The Woodward News

Local News

May 8, 2014

Area family dealing with damaged home north of Woodward

After years of carrying food to people who needed a meal, organizing fund raisers for people of Woodward County and others in need, the one of Woodward’s most helpful residents is going through her own disaster.

On Wednesday, Woodwardettes President, Marilyn Gibson and husband Joe stood outside of their, now unlivable home, situated south of Fort Supply and tried to organize her thoughts as family members moved furniture and items out of her home, damaged by Tuesday's wildfire.

In the wake of that firestorm, Gibson is still trying to make sense of what she has and what she has lost.

“All of our outbuildings are gone, the house is damaged – it’s hard to know what all is gone yet,” she said. “As soon as we get everything out of the house, the carpenter is putting together a crew to start doing what needs to be done.”

On Tuesday, Gibson had stopped at Woodward News before going home, to make sure all of the events her club, the Woodwardettes, had planned were going to be properly advertised. She had hopes of doing a lot of beneficial work for the community this week, a 100th year celebration for the philanthropic organization and its parent organization, the Oklahoma Home and Community Education organization through the OSU Extension Service.

That was just about 45 minutes before she got home to her house, at that time in the direct path of the fire and tried to pack her things, or at least as much as she could.

“We got there and were trying to pack and they came and forced us to evacuate and so we didn’t get to save much,” she said.

Wednesday afternoon, she was in a daze really, just trying to make sense of the disaster.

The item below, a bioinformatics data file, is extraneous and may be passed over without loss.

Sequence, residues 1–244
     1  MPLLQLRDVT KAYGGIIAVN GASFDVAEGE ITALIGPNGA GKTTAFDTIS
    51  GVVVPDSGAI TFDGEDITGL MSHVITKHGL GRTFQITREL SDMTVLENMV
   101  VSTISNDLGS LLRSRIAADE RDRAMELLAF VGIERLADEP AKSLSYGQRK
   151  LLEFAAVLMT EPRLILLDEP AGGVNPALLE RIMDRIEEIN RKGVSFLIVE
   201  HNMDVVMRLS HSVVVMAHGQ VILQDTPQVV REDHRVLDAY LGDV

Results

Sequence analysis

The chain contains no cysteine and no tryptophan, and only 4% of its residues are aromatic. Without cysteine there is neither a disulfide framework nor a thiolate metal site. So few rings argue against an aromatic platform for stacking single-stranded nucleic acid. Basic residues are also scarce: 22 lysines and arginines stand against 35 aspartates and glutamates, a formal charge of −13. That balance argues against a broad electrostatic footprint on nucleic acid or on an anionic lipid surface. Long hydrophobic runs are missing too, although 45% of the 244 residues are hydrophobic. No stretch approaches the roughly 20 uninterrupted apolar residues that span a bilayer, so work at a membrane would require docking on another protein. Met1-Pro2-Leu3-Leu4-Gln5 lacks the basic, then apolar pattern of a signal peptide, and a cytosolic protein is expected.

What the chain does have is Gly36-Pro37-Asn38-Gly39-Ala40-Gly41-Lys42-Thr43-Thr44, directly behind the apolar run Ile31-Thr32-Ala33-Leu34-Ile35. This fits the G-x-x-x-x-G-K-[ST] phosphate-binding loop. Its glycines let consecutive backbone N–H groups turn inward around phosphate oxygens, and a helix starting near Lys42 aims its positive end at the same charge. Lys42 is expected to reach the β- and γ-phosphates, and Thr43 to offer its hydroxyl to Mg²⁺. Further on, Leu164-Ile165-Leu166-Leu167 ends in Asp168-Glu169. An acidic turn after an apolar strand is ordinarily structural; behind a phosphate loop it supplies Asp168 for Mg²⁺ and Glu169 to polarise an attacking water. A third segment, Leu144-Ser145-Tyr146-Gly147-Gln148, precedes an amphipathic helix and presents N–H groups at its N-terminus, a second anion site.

The chore at present is to clear out the home so repairs can begin, she said. She asked that people not try to bring food, as her home has no electricity.

All day Wednesday, neighbors and family members helped to secure trucks and trailers for her to move the contents of her home into while repairs are made.

One fairly new disaster aid organization, “Left Behind Disaster Victims” of Woodward also helped Wednesday finding another trailer for the family to off load their belongings onto. The organization also worked with KFC to provide 15 meals for everyone helping the Gibsons.

Gibson, a humble sort, said her plans are to stay with her nearby sister until she is able to move back into her home.

“Well, we have had the insurance company and everyone out here,” she said. “Last night, we are so thankful because we had fire trucks, about 30 or 40 of them surrounding the house all night long, protecting us.”

The couple, who own cattle in nearby pastures, still do not know the fate of their animals.

“The fences are all burned, we just don’t even know where they are,” she said.

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